Earlier this week, I talked to Salahuddin Rabbani, head of Afghanistan's High Peace Council. Rabbani was in Washington to brief administration officials on talks he had just held in Islamabad with Pakistani leaders. Rabbani had asked the Pakistanis to release four senior Taliban officials whom they had imprisoned, apparently for the crime of holding peace talks without Islamabad's approval. Security officials had released one of them, as well as nine lower-level figures. Afterwards, Gen. Ashraf Kayani, Pakistani's military chief of staff and ultimate authority on national security issues, had flown to Kabul to conduct further talks with Afghan President Hamid Karzai. Rabbani told me that he was "cautiously optimistic" that the Pakistanis had decided to stop obstructing negotiations.
If this is as meaningful as Rabbani hopes, it would be very welcome news for President Barack Obama, who is ardently hoping to leave behind the messes he inherited in the Islamic world in order to get on with the forward-looking business of pivoting to Asia, promoting climate change, signing free-trade agreements, and so on. He has already completed Phase One of this act of strategic extrication by removing American troops from Iraq. Phase Two will be completed by the end of 2014, when American and NATO troops will end their combat mission in Afghanistan. Obama and his team are now deciding just how quickly those troops should leave, and how many should be left behind in order to train and support Afghan forces and to carry out counterterrorism missions. No matter what the outcome of that debate, Obama's hopes may rest on Pakistan's calculations -- and the Taliban's.
Karzai established the High Peace Council two years ago, with the goal of reaching out to current and former militant leaders. He appointed Burhanuddin Rabbani, a former jihadi leader and president of Afghanistan, as its first chairman. In September 2011, at a time when elements of the Taliban had begun talking to to American envoys in Germany and Qatar, Rabbani was assassinated by a suicide bomber, presumably dispatched by hard-line elements seeking to sabotage the nascent talks. This past April, Karzai chose Rabbani's 41-year-old son, Salahuddin, then serving as ambassador to Turkey, to replace his father. Salahuddin, a bespectacled, soft-spoken, Westernized figure, is new to this brutal game; when we met at his hotel in Washington, he asked if I was the same James Traub who had taught his class at Columbia's School of International Public Affairs in 2008. (I was.)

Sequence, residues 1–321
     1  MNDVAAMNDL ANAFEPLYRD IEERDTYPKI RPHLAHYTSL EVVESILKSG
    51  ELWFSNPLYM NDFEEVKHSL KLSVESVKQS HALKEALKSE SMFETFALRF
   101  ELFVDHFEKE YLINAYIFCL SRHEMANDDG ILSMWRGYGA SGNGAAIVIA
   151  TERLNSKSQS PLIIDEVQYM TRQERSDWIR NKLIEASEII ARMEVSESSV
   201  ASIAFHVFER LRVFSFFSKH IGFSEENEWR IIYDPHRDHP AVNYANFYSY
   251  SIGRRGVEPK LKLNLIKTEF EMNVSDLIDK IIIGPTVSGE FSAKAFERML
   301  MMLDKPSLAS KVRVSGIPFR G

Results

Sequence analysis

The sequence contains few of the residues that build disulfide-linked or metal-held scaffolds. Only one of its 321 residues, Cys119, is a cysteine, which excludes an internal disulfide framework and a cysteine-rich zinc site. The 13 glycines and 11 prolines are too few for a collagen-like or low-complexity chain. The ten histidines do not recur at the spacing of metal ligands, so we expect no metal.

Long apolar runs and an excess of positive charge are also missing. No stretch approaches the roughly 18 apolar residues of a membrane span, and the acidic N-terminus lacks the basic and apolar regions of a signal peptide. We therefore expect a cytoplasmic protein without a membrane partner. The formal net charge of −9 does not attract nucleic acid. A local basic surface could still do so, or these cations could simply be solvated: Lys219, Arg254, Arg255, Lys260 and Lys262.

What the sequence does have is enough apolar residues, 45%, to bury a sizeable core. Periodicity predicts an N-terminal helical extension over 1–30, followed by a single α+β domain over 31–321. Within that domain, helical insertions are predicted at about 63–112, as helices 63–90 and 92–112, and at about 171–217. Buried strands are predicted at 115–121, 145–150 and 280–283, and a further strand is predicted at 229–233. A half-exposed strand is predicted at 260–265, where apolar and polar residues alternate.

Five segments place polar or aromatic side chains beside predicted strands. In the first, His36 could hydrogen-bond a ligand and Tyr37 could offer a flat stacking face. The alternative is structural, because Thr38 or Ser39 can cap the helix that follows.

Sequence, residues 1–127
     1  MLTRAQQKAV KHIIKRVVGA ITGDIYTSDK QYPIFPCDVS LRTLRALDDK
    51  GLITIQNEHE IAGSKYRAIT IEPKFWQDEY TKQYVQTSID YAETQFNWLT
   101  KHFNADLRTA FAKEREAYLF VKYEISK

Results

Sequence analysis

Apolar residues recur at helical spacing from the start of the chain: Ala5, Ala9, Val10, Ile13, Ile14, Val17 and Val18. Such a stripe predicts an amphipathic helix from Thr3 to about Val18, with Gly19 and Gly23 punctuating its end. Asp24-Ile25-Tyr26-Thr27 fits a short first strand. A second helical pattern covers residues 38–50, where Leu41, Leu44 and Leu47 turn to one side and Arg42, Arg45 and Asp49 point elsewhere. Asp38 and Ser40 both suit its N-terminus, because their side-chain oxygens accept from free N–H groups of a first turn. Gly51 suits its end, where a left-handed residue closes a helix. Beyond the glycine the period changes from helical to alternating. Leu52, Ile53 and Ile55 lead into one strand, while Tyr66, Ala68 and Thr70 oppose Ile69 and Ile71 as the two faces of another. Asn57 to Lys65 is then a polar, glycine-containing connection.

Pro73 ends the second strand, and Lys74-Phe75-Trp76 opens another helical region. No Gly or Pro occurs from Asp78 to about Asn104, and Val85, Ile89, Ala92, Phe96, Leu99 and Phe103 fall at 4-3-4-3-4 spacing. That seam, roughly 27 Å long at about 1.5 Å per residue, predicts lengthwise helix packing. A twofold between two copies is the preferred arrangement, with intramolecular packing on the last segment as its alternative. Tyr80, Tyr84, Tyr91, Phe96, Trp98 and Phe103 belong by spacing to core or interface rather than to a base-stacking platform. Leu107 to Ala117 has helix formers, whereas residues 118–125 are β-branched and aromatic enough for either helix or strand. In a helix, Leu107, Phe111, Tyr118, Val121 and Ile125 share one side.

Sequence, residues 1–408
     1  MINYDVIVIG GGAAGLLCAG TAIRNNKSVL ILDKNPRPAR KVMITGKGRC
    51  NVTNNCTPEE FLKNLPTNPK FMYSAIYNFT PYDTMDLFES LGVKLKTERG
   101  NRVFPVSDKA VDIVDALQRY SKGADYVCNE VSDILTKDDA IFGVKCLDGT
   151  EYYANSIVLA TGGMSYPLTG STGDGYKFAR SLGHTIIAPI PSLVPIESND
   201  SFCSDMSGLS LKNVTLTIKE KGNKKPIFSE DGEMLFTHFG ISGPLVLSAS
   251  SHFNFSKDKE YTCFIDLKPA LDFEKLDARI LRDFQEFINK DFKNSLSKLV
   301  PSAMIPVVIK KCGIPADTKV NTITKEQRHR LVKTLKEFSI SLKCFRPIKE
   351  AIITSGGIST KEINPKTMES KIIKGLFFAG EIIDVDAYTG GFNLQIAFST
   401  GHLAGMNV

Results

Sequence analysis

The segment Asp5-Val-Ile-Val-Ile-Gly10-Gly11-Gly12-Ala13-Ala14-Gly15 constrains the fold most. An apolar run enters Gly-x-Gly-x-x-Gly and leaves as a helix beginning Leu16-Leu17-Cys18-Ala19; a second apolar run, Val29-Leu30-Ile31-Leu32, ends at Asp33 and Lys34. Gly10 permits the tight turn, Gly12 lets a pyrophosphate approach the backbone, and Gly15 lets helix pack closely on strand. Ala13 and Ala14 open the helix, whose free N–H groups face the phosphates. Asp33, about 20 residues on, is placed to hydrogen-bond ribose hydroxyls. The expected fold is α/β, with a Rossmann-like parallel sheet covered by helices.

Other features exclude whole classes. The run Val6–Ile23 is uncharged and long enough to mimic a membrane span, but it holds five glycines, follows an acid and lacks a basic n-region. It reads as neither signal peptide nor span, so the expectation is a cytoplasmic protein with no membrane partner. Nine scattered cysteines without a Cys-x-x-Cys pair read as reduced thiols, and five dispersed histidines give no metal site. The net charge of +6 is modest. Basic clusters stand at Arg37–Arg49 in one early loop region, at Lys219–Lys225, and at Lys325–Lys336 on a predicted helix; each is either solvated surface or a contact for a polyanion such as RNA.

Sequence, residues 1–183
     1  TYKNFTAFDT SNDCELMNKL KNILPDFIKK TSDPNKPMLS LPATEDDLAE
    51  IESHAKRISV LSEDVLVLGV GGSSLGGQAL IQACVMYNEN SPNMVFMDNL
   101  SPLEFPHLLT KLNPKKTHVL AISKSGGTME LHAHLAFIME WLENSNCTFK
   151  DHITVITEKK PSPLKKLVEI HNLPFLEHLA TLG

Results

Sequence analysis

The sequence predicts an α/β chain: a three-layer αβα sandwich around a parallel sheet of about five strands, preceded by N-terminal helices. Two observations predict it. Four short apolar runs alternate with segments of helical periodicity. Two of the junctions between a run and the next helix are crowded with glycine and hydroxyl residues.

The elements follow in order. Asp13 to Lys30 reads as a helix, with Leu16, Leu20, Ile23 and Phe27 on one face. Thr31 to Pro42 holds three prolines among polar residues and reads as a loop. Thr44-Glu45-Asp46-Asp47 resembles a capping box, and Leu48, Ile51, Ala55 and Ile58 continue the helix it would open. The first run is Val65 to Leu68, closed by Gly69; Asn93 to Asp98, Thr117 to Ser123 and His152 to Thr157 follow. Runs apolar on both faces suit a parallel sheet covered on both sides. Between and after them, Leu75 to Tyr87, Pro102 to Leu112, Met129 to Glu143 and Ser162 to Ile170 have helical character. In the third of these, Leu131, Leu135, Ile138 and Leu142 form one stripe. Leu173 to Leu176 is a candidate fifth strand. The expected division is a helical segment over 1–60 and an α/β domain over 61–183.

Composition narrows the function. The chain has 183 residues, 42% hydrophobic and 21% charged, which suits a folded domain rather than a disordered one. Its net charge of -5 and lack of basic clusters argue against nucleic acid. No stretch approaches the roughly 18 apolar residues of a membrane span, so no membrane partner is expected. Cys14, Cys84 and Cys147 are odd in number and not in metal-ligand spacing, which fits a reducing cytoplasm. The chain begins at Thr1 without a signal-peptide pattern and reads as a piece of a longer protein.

Rabbani and his colleagues have had informal contacts with a range of current and former Taliban figures, and he says that he is convinced that most want to stop fighting. "The reports we have are that the Taliban leadership is now discussing the logic of continuing the military campaign," he says. Once the United States and Afghanistan signed the Strategic Partnership Agreement last May pledging a long-term U.S. role, including an ongoing military presence, Rabbani says, the Taliban concluded that they could no longer wait for the end of 2014 and then march on Kabul. Of course, that may be over-optimistic. The fighting in Afghanistan shows no signs of abating. Mullah Omar, the leader of the so-called Quetta Shura, may not bless such talks. Hardline or rogue factions, like the Haqqanis, may undermine any effort at negotiations. But it's a proposition that has to be tested. And this requires U.S. and, of course, Pakistani support.
Meanwhile, White House policy on Afghanistan has given far more emphasis to winning battlefield victories in order to force the Taliban to negotiate from a position of weakness than to ending hostilities through negotiations. U.S. talks with the Taliban ended last March when the Taliban walked out, claiming that Washington kept changing its position. U.S. diplomats, working with officials in Qatar, have tried to work out a deal to release five militants from Guantanamo in exchange for an American soldier believed to be held in Pakistan. U.S. officials made a new offer in June, and they are still waiting to hear a response from the Taliban. One figure involved with administration policy in the region says that, since the U.S. election, White House officials seem to have embraced the need for a political end-game. This may in turn effect the ongoing negotiations with the Taliban. American diplomats, says this figure, "may actually take yes for an answer." Rabbani says that he received unequivocal support for his efforts from American officials.